Both were tough guys, and it remains to be seen if chronic traumatic encephalopathy played a part in their deaths, as it may have with legendary fighter Bob Probert. And while I agree with many of my fellow bloggers that it might be inappropriate timing to breach the subject of fighting’s place in the game at the moment, it is a subject that’s going to have to be discussed. Personally, I’ve always thought that fighting does have a place in the sport, and that the guys that do it are among the more noble of athletes. But if what they do is, quite literally, killing young men, it may be time to take a closer look. But that’s a conversation for another day.

Today’s problem is drug use in our game. Despite Boogaard’s death, you can’t convince me that drug use is rampant in hockey or that it’s a problem among our players. In fact, I’d bet my house on the exact opposite. Compared to basketball and football (and even baseball, if you count steroids), I’d wager that hockey is the cleanest of all of the major sports. But while we may think of our heroes as saints, they are human after all and many will indulge in what will squarely be viewed as a dark side from this day forward.

As early as 14, I remember kids taking mild painkillers before games, and without any existing injury, to take the edge off of the inevitable body checks they were about to receive. I politely refused when offered, preferring instead to feel every bone in my body as they throbbed after big collisions (that kind of pain lets you know you’re alive is what it does).

Bourne is absolutely right about a couple of main points: A) You will, under no circumstances, make it through a season without getting hurt. That is an absolute fact and you’re kidding yourself if you think you can go an entire game unscathed, let alone a season or a career. And B) There will very likely be a time during your hockey days that an Advil won’t cut it. The painkillers that are being used (legally, even) can do some wonderful things to dull the agony, and when used responsibly help lots of Americans get through their daily tribulations.

But that kind of medication scares the hell out of me. While I wouldn’t say that I have a very addictive personality (in that respect), nor does substance abuse run in my family, I could sense the danger in getting accustomed to the kind of nirvana that it promised. Soon enough, as Bourne says, that little bit becomes a little more and a little more until you can’t feel normal without it. And therein lies the rub.

I had my knee operated on in 2009 following years of pain that I had become, more or less, used to. At first, my knee troubles were dismissed as growing pains… and then a type of juvenile arthritis… and then a degenerative muscle disorder… until finally, at the ripe age of 27, it was determined that, yes, in fact, there was a pretty big problem under there. I had a benign cyst growing under my kneecap, one that likely started as an overcompensating immune system attempted to repair an injury to one of the internal ligaments. The cyst had wrapped itself around the joint and the ligaments within it, causing my entire left leg to be solid as a rock at all times, which in turn made walking down stairs difficult. While I may have put my body through a lot by 27, it certainly wasn’t enough to have difficulty walking and I finally went for a fifth (or sixth, I lost count) opinion. The New York Knicks orthopedic surgeon found the mass (which was hidden from traditional MRIs) and said he needed to go in there and scoop it out. Should be as good as new in a week. Liar.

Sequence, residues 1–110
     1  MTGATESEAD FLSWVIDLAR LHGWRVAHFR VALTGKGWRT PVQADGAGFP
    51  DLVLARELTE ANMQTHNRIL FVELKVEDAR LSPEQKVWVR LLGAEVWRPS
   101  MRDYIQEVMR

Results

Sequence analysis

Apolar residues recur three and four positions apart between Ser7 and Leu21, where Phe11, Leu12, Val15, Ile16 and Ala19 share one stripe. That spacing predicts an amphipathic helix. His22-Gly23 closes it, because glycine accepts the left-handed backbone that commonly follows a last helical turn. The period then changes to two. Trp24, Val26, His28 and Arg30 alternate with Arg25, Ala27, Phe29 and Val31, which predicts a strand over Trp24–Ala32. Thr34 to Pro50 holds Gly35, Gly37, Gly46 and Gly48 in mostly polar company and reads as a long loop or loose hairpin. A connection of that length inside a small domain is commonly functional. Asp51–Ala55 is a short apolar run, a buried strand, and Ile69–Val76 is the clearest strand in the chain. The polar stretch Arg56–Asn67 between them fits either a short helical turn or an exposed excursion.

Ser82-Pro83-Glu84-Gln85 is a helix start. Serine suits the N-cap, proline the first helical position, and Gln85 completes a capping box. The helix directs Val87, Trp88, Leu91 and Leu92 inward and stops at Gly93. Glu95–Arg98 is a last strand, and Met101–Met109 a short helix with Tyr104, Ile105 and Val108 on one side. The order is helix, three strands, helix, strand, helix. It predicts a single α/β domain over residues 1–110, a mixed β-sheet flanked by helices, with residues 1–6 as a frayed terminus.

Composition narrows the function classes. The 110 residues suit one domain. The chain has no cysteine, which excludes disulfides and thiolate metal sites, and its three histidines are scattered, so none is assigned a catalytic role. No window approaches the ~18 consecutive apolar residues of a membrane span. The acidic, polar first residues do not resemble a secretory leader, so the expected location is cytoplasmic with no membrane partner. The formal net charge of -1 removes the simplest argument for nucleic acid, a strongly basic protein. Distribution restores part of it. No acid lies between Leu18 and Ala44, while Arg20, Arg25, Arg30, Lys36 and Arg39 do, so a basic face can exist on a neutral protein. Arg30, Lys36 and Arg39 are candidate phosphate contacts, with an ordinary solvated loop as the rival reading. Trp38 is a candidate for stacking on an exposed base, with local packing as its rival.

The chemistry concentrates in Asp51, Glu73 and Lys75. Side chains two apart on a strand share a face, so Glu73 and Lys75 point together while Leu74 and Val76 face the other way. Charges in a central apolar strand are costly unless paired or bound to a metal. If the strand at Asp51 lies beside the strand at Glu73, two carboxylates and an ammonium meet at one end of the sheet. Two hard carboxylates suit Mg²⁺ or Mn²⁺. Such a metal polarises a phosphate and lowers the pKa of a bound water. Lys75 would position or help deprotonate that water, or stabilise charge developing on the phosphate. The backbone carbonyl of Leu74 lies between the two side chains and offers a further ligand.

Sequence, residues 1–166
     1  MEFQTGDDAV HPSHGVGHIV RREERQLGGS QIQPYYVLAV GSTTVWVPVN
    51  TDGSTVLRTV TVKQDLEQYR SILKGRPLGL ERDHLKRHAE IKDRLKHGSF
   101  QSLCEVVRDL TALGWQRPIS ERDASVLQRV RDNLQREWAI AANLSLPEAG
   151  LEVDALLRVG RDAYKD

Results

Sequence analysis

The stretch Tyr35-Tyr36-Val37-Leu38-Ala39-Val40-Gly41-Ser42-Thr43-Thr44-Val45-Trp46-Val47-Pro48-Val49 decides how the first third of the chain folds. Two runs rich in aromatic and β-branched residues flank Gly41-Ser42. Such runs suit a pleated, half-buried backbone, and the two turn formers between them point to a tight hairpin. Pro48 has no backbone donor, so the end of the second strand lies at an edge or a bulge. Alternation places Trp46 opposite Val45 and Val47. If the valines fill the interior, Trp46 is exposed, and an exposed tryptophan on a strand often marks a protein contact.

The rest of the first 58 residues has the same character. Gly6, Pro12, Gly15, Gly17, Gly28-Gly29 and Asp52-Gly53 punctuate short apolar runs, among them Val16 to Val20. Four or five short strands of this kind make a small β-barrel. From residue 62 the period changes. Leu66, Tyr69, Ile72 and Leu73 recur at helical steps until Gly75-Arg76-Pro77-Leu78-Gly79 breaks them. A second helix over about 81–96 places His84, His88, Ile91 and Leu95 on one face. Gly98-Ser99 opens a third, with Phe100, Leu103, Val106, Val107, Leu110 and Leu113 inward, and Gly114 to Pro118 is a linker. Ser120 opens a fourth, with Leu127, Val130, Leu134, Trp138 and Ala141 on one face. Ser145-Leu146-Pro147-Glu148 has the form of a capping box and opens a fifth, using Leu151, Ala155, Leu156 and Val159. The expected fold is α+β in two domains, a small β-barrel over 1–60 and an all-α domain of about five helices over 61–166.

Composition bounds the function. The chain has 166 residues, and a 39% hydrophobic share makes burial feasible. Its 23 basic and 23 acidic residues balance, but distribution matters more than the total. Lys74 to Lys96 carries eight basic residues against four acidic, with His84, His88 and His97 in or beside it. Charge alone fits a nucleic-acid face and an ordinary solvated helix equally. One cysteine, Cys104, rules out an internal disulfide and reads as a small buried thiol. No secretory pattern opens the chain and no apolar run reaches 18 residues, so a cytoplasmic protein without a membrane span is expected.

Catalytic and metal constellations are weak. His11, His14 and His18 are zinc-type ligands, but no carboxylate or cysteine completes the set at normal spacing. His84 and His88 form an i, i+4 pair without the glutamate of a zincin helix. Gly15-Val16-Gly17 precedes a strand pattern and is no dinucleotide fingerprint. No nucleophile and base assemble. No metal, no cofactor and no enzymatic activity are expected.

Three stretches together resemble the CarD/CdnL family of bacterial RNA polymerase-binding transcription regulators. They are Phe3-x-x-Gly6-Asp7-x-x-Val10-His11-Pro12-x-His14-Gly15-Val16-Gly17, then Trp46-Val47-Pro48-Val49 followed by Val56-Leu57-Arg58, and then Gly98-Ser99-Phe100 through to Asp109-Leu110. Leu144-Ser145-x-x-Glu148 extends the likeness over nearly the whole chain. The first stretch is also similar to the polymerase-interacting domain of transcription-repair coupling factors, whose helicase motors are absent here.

While the surgery went well and I was assured that anything potentially damaging had been removed, I’m not sure I was properly prepared for the brand of pain that was coming my way when the anesthetic wore off. Anesthetic, by the way, that I begged them not to use. In the past, I’d had difficulty awakening from general anesthesia. First, at the dentist, and then after a necessary procedure in college. Instead, I asked, can you just give me the local anesthetic and I’ll sit here quietly staring at the ceiling tiles? The surgeon and anesthesiologist both assured me that I wanted no part of being awake during the knee operation, and promised they’d give me the lightest dose imaginable.

Still, I woke up much later than they said I would, and perhaps that’s where my fear of painkillers in general comes from. They sent me on my way, sans crutches but with a prescription for Oxycodone. This was one of those times mentioned above where a painkiller would become necessary, as the haze wears off in the hours and days following surgery. However, I refused to fill that prescription, instead opting to “soldier through” the pain and do what I could with an Aleve here and there.

I’m not going to pretend I was a man about it, or that I made the right call. Because that kind of pain is just a shade under unbearable, where you briefly consider asking your wife to hit you with a sledgehammer so you’ll feel nothing instead of excruciating agony. I’m not going to be shy here: I cried like a little girl when the anesthetic finally wore all the way off around 1 in the morning. It hurt so bad I could hear and taste it. That may sound ridiculous, but trust me… it’s an awful existence twelve hours after surgery.

Did Derek Boogaard have that kind of agony in May? Was Rick Rypien recovering from something last week? Did the kids on my high school hockey team think that popping Vicodin on a normal day would make them invincible? I don’t have the answers to those questions, but what I do have are more anecdotes that only lead to further questions.

At one point, I had a teammate that would drop acid before games, when he knew we wouldn’t be tested, for one of two reasons. It either made him a better hockey player when he couldn’t feel his legs, or he was a complete fucking lunatic. The things he did when he was inebriated like that were borderline scary… and he was on my side of the scary. I don’t know what happened to him, as we’ve lost touch over the years, but if you were to tell me that he was in prison or dead, I’d be sad for the loss, but I wouldn’t be surprised.